worthily styled the Great. This Prince,
ascending the throne at a time when faction
had torn his kingdom (or more than a century,
had exhausted its resources, and impovished
his people, who had wrongs to revenge
and crimes to punish, nobly buried
thejp all in oblivion, and the world saw the
poof pf an exalted mind in the Edict of
..ilSantes. What a contrast with the conduct
Of the firuiltv
. v-,rr. v. u*?biaicu WHOI ICOj VVUU)
-. century before, looked calmly on the
: ; inv/rdcr or his subjects I This celebrated
J^iciptoce^ the rights of the Huguenots on
, a basis,, which the most flagrant Violation of
justly could1 alone overthrow; and H was
k to be hoj^d thatnofutu re Monarch of France j
sWfmk. . S'WMM
would have the rashness to annul it. And
yet, not one century had passed before its
revocation Piled the whole land with tinblood
of her slaughtered citizens. The
l?dict of Nantes gave to the Protestants of
France a distinct and separate existence as
a political body, sotting them in array
against a government which recognized no
such thing as religious liberty, anil held to
nnn nrin/iinln ~ " ?i: ... /~* 1
uiuuu Ul Jjuncy "1./MC VJOll,
one King, one Faith." During the reign
of the Great Henry, the Huguenots exercised
their rights ami liberty of conscience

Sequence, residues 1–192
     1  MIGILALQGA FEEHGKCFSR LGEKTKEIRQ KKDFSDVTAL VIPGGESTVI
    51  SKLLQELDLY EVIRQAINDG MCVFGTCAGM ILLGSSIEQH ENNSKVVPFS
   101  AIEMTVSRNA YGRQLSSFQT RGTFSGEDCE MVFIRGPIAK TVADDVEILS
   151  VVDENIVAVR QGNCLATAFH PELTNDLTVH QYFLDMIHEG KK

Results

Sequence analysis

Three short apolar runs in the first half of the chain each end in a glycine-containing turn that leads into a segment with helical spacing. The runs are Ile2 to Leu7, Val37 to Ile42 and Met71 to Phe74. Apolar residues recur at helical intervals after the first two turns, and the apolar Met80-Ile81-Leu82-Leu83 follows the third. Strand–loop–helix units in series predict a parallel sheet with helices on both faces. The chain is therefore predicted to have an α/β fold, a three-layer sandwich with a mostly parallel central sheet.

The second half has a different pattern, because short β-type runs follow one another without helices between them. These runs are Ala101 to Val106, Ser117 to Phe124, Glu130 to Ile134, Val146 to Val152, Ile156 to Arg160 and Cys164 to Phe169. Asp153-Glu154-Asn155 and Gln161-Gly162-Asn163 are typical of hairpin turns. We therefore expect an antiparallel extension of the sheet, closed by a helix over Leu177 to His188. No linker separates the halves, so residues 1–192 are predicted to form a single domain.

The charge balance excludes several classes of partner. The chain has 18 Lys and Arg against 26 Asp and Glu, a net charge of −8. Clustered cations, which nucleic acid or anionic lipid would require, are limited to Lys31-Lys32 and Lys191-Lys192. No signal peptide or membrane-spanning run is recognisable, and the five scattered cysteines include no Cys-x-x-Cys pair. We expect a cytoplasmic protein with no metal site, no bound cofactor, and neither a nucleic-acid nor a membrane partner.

was secured ; his death was the death of order,
of peace and of freedom.
From this time, the Huguenots,alarmed
at the intrigues of the court, and the measures
talcen for their overthrow, wore in
arms; and when,
" Tho living cloud of \v;ir"
burst upon them from the north of France,
their rights, their existence as a people, were
swept away. For the next half a century,
persecution followed persecution,unti 1 finally}
the revocation of the Edict of Nantes,
by depriving the Eluguenots of all securities
of life, and liberty?by annihilating their
exis'ence as subjects, compelled the emigration
of this people. Thousands of imluitri
uua umzcii? n;n ujruvur uieir native f ranco,
to seek in foreign lands the liberty denied
them in their own. As their predecessors
the Pilgrims, bade their native land good
night and lay down to rest on the shores of
New England, so did the Huguenots, driven
across the western ocean by persecuting
fanaticism, at length find a resting place on